Whether you’re thinking of applying or well into your Paul & Daisy Soros Fellowships (PD Soros) application, this guide will help you understand how to put the strongest set of recommendations together to support your application. We’ve include the basic information about recommendations here, and we’ve also asked several 2016 Fellows to provide their own recommendation advice.
One of the reasons why we wanted to put this together is because every applicant has a different set of circumstances and will want to consider different recommenders. This is important to keep in mind as you read through these resources. Find the advice that is right for you. For example, if you are in business, advice for PhD students may not be completely applicable to you. In the same way, if you are a college senior, advice from Fellows several years out of college will be less applicable.
Once you’ve read through the information, it may be helpful to set up a meeting with a mentor, professor, or your undergraduate or graduate school’s fellowship advisor. Fellowship advisors are a great resource—even if it’s been a few years since you were on campus!
All applicants are required to submit three recommendations in order for their application to be complete. Applicants have the option of submitting an additional two recommendations for a total of five. The 2016 selected Fellows had an average of four recommendations. Seven of the 2016 Fellows had three recommendations, thirteen of the 2016 Fellows had four recommendations, and ten of the 2016 Fellows had five recommendations. No matter what, your application can not be processed unless it has three recommendations as of the deadline.
The recommendation deadline is the same as the applicant deadline: November 1 at 11:59 PM EST. Applicants should register their recommenders via the online application. Once a recommender is registered in the application they will receive an e-mail with all of the necessary information that they need to submit their application. Sometimes the recommenders e-mail gets caught in the spam box, so the student should check with the professors to make sure they’ve received the link.
Students can share the PD Soros webpage "Guidance for Recommenders" with their recommenders.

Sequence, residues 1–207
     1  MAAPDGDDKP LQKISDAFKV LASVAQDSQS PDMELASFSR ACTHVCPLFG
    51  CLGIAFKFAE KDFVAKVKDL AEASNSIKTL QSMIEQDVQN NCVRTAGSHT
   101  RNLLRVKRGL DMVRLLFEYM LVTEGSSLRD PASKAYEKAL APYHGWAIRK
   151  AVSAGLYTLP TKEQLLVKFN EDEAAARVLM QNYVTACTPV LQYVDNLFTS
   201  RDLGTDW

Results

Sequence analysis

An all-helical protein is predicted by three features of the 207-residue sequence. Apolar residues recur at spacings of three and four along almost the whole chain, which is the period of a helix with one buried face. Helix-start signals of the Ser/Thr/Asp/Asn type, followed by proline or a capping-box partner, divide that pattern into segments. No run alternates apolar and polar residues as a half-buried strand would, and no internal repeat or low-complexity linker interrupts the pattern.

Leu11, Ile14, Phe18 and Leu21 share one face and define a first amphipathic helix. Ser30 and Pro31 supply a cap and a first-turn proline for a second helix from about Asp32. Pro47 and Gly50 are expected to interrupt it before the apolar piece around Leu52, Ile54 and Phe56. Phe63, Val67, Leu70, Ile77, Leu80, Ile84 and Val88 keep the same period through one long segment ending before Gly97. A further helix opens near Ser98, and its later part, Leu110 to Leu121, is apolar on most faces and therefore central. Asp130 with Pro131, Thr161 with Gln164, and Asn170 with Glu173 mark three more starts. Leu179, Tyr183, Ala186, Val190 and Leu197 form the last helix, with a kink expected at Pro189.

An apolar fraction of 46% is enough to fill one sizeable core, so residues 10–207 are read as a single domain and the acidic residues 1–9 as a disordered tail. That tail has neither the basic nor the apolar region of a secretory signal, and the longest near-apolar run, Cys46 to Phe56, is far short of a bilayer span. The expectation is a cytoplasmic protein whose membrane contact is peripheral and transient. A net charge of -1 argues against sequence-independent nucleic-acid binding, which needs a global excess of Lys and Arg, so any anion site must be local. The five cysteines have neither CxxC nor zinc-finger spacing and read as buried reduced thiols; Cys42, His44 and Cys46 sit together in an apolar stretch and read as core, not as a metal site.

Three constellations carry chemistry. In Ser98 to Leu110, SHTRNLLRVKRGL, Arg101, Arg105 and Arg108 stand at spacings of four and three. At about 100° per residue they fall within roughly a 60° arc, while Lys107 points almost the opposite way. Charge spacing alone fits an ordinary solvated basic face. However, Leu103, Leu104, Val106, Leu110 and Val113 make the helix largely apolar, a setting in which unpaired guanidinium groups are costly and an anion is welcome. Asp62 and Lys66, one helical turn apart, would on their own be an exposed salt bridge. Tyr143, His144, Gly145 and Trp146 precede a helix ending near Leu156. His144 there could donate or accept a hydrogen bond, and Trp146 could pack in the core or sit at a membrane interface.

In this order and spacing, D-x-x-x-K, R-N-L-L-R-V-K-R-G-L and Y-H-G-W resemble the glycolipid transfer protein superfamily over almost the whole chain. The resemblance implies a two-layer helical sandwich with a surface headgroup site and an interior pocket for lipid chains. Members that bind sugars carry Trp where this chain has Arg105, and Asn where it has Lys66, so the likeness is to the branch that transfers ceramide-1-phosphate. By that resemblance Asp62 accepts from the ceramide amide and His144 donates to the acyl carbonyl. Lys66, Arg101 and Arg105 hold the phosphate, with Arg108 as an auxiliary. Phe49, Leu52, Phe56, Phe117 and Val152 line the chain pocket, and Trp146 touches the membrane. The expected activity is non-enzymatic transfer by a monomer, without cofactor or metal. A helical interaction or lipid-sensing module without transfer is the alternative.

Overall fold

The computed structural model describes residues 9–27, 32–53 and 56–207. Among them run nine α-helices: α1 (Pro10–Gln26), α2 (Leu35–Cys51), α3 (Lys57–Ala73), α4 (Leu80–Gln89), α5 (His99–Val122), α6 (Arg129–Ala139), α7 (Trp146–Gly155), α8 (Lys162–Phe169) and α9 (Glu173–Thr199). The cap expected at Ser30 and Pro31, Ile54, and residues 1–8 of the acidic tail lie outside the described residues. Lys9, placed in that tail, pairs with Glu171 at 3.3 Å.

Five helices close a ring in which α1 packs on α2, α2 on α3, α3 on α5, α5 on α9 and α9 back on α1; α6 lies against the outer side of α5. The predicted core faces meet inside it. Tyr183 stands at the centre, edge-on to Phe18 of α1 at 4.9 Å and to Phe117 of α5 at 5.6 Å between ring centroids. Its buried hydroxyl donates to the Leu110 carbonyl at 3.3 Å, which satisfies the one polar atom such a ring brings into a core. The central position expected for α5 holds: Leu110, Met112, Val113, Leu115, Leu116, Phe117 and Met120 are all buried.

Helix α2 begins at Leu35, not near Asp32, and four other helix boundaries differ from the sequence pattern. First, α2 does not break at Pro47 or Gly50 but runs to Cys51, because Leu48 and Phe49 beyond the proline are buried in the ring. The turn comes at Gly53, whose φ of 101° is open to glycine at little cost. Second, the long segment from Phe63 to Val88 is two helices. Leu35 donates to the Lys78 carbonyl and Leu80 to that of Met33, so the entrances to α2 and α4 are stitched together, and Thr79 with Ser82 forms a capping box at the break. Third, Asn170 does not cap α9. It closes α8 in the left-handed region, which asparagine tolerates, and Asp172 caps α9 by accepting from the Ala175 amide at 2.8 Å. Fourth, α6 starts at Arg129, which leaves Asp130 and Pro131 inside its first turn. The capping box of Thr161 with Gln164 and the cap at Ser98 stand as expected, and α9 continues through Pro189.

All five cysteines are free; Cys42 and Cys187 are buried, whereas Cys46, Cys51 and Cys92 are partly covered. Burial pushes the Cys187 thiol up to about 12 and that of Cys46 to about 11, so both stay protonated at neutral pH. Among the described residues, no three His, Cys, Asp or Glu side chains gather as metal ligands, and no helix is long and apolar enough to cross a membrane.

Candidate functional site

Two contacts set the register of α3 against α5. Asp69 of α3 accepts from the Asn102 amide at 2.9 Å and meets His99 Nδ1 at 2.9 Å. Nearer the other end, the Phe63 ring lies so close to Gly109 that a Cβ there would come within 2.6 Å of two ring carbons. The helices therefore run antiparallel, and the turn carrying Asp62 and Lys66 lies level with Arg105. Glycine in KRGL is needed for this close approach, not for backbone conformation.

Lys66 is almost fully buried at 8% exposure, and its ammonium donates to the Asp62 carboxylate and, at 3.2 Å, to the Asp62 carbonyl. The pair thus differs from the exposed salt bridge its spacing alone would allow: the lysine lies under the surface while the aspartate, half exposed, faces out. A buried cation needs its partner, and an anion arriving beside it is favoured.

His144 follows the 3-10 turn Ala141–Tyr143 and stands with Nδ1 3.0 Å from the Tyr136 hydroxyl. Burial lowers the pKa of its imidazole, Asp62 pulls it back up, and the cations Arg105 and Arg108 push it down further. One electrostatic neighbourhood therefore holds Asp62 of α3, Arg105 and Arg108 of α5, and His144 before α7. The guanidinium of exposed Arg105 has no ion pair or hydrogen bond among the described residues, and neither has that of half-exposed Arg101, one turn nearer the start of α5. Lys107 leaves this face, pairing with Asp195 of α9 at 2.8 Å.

Remember, you can submit your application before your recommendations have been submitted—you do not need to wait. After you’ve submitted your application you can continue to sign onto the online application system and check on the statuses of your recommendations. You can also send reminders to your recommenders through the online system.
Recommendations allow the selection committee to hear from your biggest supporters—the people who know you and your work well and can speak to just how outstanding you truly are. Recommendations serve three primary functions for the selection committee: 1) They validate and highlight your accomplishments, strengths and qualities; 2) they help the selection committee contextualize and understand your strengths and accomplishments in regard to the selection criteria and within your field and among other applicants; and 3) they provide additional perspectives or information that may help the selection committee better understand you in regard to the selection criteria.
It’s up to you as the applicant to figure out who can write you the strongest recommendations and provide the selection committee with the best information.
If this is not your first time applying to the Fellowships you should still carefully consider who your recommenders are. Read through the Fellows’ advice below and see if your choices still make sense for you.
While many re-applicants use recommenders and recommendations from past years, it’s always helpful to provide an update on recent activities to your recommenders. Note: we can’t transfer recommendations from your past application to your new application—you must ask your recommenders to submit again.
When you ask your recommenders to write a recommendation for your PD Soros application you can share this "Guidance for Recommenders" webpage with them. That webpage covers technical issues as well. The 2016 Fellows have plenty of tips below about what they asked for from their recommenders.
We asked several recent Fellows what advice they had about recommendations for PD Soros applicants. We wanted to know who they asked for recommendations, why they decided on those individuals, and how they went about supporting their recommenders. Here’s what they told us:
PhD in Electrical engineering at Stanford
I applied to PD Soros at the same time that I was applying to PhD programs. All of my recommendations were from professors who had supervised my research in the past. I wanted my recommendations to help the PD Soros committee understand the rigor and level of my research, as well as who I am as a person, thinker, teammate and leader.